When we sat down at our local coffee shop to talk to next month’s featured artist, Amanda Moore, one topic we had to discuss was the challenge that faces artists who use a camera instead of a brush or chisel in their work. After all, photographic artists like Moore use one of the more useful and adaptable of human inventions, which we tend to view in monolithic terms: as if every photograph is essentially the same kind of object as every other. There is probably no human activity that can’t be, or isn’t photographed, and the utter versatility and inclusiveness of the photographic record—the way it reduces absolutely every human experience to a pictorial event—can lead to the mistake of thinking that the objects that carry off this trick can all be judged by the same set of rules. But of course they can’t, and woe to the would-be lens jockey who thinks they can. A jailhouse portrait will not be welcome at a wedding, nor a snapshot fill the bill in a scientific journal. For once, the reverse is equally so; the truth is that photographic standards are not linear, and what wins the Pulitzer Prize can’t sell the product, while what accompanies your single’s ad won’t get you on the airplane.
For Amanda Moore, questions about art don’t cease to matter when she steps out from behind the viewfinder. Avidly interested in and fiercely opinionated about a whole range of arts—and not only in today’s practitioners, but in their histories as well—she brings knowledge and ideas together with practical experience. In an essay she wrote recently, to be published in our July edition, Moore explores how she feels when friends or strangers hand her a camera and ask her to take their picture. Sure enough, before we were done talking someone from a quartet seated on a nearby curb fulfilled Moore’s prophecy by politely handing her a camera and asking her to “take our picture.” With a gracious smile she rose to oblige, in passing shooting us a complex glance that asked: “Didn’t I tell you?Now do you see?”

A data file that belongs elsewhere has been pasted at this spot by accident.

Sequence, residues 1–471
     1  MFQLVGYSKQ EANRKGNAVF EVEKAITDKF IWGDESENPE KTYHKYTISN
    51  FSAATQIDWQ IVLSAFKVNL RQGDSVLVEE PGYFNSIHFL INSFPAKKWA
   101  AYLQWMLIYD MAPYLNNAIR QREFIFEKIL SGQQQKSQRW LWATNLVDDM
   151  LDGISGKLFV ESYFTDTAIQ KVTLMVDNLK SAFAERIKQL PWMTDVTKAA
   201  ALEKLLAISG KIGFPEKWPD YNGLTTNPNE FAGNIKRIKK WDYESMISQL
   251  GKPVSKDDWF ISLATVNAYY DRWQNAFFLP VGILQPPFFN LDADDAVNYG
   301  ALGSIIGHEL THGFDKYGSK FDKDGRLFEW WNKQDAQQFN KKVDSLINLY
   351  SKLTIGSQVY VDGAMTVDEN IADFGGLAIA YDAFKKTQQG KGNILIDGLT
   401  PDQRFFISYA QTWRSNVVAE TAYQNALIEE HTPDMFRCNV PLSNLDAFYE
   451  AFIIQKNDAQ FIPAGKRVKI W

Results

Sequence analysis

— Geoff Wichert
Geoff Wichert has degrees in critical writing and creative nonfiction. He writes about art to settle the arguments going on in his head.
Categories: Daily Bytes